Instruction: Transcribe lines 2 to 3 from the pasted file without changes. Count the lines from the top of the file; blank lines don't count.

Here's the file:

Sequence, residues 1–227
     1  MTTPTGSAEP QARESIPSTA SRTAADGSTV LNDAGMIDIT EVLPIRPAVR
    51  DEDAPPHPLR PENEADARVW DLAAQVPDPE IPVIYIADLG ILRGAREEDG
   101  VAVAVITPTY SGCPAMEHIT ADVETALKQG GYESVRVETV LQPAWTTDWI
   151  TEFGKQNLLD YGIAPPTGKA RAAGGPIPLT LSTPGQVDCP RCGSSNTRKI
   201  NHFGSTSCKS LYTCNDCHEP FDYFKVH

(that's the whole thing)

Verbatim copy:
     1  MTTPTGSAEP QARESIPSTA SRTAADGSTV LNDAGMIDIT EVLPIRPAVR
    51  DEDAPPHPLR PENEADARVW DLAAQVPDPE IPVIYIADLG ILRGAREEDG